May 6, 2019 – NACAA submitted written testimony to the Senate Appropriations Subcommittee on Interior, Environment, and Related Agencies regarding FY 2020 appropriations.  NACAA’s testimony requests that Congress 1) increase federal grants to state and local air pollution control agencies by $82 million above FY 2019 levels, for a total of $310 million (i.e., $158 million above the Administration’s FY 2020 request); 2) provide flexibility to state and local air quality agencies to use any additional grants to address the highest priority programs in their areas; and 3) retain grants for monitoring fine particulate matter (PM2.5) under the authority of Section 103 of the Clean Air Act, rather than shifting it to Section 105.

March 18, 2019 – The Administration released its Congressional Justification for EPA’s budget for FY 2020.

March 18, 2019 – The Administration released its detailed budget estimates for EPA’s budget for FY 2020.

March 14, 2019 - NACAA submitted written testimony to the House Appropriations Subcommittees on Interior, Environment, and Related Agencies regarding FY 2020 appropriations.  NACAA’s testimony requests that Congress 1) increase federal grants to state and local air pollution control agencies by $82 million above FY 2019 levels, for a total of $310 million; 2) provide flexibility to state and local air quality agencies to use any additional grants to address the highest priority programs in their areas; and 3) retain grants for monitoring fine particulate matter (PM2.5) under the authority of Section 103 of the Clean Air Act, rather than shifting it to Section 105.  Miles Keogh, NACAA’s Executive Director, provided similar testimony during the Subcommittee’s hearing on February 26, 2019.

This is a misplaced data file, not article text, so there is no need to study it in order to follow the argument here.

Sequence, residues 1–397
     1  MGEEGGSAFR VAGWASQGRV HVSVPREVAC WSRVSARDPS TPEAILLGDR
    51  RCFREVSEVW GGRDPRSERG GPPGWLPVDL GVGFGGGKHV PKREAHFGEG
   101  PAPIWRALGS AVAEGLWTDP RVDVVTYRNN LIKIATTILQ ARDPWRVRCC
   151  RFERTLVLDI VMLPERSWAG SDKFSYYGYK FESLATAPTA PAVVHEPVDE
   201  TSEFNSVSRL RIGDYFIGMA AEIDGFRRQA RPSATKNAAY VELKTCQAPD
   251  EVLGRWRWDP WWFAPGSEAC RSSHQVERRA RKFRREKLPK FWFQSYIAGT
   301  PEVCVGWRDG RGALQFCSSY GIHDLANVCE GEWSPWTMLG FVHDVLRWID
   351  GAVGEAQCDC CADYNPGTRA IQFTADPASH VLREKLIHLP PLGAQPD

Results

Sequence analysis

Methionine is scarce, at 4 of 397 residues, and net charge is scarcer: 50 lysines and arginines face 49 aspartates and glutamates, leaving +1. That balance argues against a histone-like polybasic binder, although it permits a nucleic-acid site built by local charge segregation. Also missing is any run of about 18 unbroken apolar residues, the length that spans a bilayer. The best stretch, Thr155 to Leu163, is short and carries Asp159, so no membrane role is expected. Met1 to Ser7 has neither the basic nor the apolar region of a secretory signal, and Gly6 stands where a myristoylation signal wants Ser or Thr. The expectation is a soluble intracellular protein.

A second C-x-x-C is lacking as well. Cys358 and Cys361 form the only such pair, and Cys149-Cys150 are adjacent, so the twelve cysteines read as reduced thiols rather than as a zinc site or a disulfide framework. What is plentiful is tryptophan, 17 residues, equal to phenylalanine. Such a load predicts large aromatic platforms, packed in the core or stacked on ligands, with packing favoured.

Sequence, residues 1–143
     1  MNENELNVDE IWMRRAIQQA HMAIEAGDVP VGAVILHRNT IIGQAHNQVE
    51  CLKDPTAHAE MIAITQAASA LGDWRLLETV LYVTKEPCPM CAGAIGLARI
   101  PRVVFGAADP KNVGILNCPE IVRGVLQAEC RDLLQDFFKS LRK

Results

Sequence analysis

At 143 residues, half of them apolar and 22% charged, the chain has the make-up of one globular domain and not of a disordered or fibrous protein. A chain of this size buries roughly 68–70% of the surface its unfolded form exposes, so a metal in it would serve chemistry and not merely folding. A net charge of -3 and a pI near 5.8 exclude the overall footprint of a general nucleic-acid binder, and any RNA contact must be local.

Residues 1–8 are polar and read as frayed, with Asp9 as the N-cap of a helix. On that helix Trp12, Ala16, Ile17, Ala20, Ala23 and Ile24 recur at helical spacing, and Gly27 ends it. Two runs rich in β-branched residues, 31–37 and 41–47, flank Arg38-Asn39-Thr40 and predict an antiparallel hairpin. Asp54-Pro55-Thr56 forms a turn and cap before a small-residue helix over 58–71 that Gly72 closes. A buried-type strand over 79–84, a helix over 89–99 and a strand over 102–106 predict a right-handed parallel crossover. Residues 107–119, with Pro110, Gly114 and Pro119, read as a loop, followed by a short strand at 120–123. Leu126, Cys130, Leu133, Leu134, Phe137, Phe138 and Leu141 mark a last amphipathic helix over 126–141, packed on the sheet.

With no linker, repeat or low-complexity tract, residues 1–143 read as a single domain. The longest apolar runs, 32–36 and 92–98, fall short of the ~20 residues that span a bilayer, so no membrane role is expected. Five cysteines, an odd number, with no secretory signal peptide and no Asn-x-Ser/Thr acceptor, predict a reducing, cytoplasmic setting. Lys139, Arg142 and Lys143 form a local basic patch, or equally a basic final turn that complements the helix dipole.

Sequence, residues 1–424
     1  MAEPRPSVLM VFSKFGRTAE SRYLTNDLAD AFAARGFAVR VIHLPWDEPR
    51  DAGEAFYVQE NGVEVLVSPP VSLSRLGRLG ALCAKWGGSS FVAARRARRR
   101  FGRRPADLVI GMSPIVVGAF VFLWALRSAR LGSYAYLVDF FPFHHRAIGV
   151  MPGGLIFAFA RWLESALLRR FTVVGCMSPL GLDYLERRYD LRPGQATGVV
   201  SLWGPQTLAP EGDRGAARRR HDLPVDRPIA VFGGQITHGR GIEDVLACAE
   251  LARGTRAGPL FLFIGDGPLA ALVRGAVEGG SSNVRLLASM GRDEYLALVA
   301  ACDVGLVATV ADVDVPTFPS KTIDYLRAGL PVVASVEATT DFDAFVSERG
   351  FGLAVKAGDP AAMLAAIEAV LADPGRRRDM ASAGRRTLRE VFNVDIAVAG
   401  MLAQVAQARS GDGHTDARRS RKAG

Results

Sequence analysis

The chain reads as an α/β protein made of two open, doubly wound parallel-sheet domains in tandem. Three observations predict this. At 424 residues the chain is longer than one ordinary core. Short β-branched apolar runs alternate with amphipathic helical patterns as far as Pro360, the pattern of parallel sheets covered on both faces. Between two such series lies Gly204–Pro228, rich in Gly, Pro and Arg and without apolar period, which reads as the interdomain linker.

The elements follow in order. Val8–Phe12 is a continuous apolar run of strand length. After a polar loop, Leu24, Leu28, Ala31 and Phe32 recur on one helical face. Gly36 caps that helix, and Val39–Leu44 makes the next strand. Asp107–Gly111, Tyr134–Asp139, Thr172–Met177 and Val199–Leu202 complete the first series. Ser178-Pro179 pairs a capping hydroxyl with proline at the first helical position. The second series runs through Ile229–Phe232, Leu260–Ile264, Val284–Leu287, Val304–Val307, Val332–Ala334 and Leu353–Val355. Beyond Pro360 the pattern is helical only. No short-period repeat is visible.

March 11, 2019 – The Administration has issued its FY 2020 budget proposal – A Budget for a Better America – calling for significant cuts for EPA. The budget recommends $6.1 billion for EPA, which is approximately $2 billion less than Congress provided in FY 2019 appropriations ($8.06 billion).  The budget proposal also calls for large reductions in air programs.  These include the following: $151.96 million for state and local air quality grants under Sections 103 and 105 of the Clean Air Act, which is $76.2 million (33.4 percent) less than the $228.2 million Congress appropriated for FY 2019; $10 million for grants under the Diesel Emissions Reduction Act (DERA) program, for which Congress appropriated $87 million in FY 2019; nothing for Targeted Airshed Grants, for which Congress appropriated $52 million in FY 2019; and $10 million for Multipurpose Grants, for which Congress appropriated $11 million in FY 2019.  The proposal now goes to Congress, which must consider the recommendations and determine how much to appropriate for FY 2020.  For further information, see https://www.epa.gov/planandbudget/fy-2020-epa-budget-brief (for the discussion about air quality, see p. 19 of the document [p. 23 of the  PDF] and for the charts see p. 64 of the document [p. 68 of the PDF]), https://www.epa.gov/newsreleases/epa-fy-2020-budget-proposal-releasedhttps://www.whitehouse.gov/wp-content/uploads/2019/03/budget-fy2020.pdf (EPA’s section begins on page 93 of the document, which is page 97 of the PDF version) and https://www.whitehouse.gov/omb/budget/

February 26, 2019 – Miles Keogh, NACAA’s Executive Director, testified on behalf of the association at a hearing of the House Appropriations Subcommittee on Interior, Environment, and Related Agencies regarding the FY 2020 budget for the Environmental Protection Agency.  NACAA’s testimony urged Congress to 1) increase federal grants to state and local air agencies by $82 million above FY 2019 levels, for a total of $310 million; 2) provide flexibility to these agencies to use any additional grants to address the highest priority programs in their areas; and 3) retain grants for monitoring fine particulate matter under the authority of Section 103.